Besides The Fire  

By Patrick O`Sullivan

Search County Kerry



Everyone knows the old saying: ‘There’s no fireside like our own fireside; and so there was nothing nicer than to gather round the fire in the evening time.

Then there was the peaty smell of the turf and the woody incense of the logs all mixed up together: the turf redolent of the bogs and the heather and the long days of summer; the logs redolent of the woods and the groves and the green winding ways.

It was a familiar thing to go gathering sticks in the grove in the evenings after school. My mother loved to see the logs burning in the hearth, the orange of the flames leaping and dancing and crackling for joy, the fragrance of the wood filling the kitchen still. 

It might have been the smell of the fir or the pine, the sweetest of smells, green, aromatic and wild; it might have been that of the ash or the birch, everything about it wonderfully warm and wishful, wholesome, organic too. 

Gathering the sticks was like an adventure in itself, our journey taking us along the old boreen. We did not know it then, but the self-same boreen had figured on local maps since early Victorian times and possibly long before.  

It was the place where robins nested in mossy banks in the spring, where foxglove and gorse and woodbine too, flourished in the summer.

Turned off the track midway and headed past an old Victorian cottage on the very edge of the grove. This had been gardener’s house when the old country house was in its heyday and there were gardeners and servants in plenty Long since deserted, it had the look of the fairytale about it still.

 

There was the red-bricked chimney, the old green door, the apple trees and roses overgrown, the summer lilacs and the snowball tree: a jumble of colour and scent in the heady days of summer. 

The roses were no more than memories in the autumn, of course, but whenever I think of the cottage I think of them still for they were a kind that might have graced old china all soft and flowery and pink, all deep and silky and red. 

It was as if the people of the house had left them as a legacy to us, vivid reminders as they were of the rich and fruitful summers of the past.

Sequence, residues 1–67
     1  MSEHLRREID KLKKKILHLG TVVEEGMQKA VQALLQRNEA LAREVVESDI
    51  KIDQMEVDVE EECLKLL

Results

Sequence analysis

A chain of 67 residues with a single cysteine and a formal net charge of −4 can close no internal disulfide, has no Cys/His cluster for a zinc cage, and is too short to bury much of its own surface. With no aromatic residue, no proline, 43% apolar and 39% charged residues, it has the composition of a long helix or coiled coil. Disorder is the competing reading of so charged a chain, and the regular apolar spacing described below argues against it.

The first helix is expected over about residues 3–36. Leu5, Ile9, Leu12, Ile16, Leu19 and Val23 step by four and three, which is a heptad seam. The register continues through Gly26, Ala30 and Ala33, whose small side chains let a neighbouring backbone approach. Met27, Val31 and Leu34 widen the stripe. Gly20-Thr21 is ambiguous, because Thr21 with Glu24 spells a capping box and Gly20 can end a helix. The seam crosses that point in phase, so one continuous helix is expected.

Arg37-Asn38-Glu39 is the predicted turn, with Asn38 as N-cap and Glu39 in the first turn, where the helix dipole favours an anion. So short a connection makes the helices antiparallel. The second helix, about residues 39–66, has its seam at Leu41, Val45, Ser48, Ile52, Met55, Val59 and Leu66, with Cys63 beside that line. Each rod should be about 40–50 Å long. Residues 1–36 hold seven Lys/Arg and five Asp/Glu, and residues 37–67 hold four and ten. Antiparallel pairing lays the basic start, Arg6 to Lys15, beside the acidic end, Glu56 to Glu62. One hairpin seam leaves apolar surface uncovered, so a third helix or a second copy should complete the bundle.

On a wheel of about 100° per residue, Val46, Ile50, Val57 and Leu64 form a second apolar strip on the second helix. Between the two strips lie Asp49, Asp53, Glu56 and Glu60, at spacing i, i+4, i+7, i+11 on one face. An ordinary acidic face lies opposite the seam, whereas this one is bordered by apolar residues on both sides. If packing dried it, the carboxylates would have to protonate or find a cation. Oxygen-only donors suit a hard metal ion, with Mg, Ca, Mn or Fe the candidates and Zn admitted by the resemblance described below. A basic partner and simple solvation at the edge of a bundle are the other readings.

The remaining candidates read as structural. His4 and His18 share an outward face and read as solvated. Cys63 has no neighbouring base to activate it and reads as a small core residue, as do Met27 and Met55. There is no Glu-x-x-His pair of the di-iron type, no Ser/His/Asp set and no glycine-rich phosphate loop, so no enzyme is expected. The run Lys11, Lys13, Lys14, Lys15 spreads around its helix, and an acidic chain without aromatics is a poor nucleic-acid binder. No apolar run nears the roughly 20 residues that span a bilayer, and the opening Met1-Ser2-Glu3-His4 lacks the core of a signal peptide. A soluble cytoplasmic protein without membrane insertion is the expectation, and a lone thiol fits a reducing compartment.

More often than not, our old neighbour, Mary, went with us for there was nothing she liked better than gathering sticks. She lived with her husband, Jer, in an old fashioned thatched house, the fire blazing in the hearth on chilly autumn evenings.

He was a bit impulsive though when it came to the sticks, sometimes overlooking those that lay on the ground for the sake of those that dangled tantalizingly overhead. 

It was as if she regarded the latter as a challenge, an adventure, straining after them as she did with other twigs or sticks; her sense of delight almost palpable when they fell from their places at last. It was as if it were mission accomplished again. 

It was years later that I saw a documentary about the actress Audrey Hepburn. There was nothing she liked better in her retirement than gathering driftwood on the beach. There was something elemental, therapeutic about it, she said, something that reaffirmed her connection with the earth and the sea and the world around her. 

I doubt if Mary ever thought of it as deeply as that. She just wanted sticks for the fire and she loved the thought of gathering them. Still, for all of that, it is a sentiment which would surely have struck a chord with her, for it was as if her heart were singing when we were in the grove, the sunlight pouring in slants as we gathered the firewood again.

 

Sometimes we came upon Mrs Graham’s guinea fowl in the grove. Mrs Graham, the owner of a mini car and a much loved dachshund dog, was Mrs Ruth’s companion in the nearby country house. 

Her guinea hens were a familiar sight among the trees, their dark plumage mottled with white unmistakable in the long light of evening. 

There were foxes too in the grove,, but as far as we knew, they never bothered too much with the guinea hens. When the sticks were short and tidy, we made them into bundles and carried them home on our backs. When they were long and unmanageable we dragged them after us like sylvan treasures gathered and valued again. 

Looking back there was something homely, companionable about it all: the long’path stretching before us, the tall trees on every side. Sometimes we were given, a fallen tree in winter, the logs brought home by donkey and cart, so that it would not be long till the flames were dancing again, till they were jumping for joy in the hearth.


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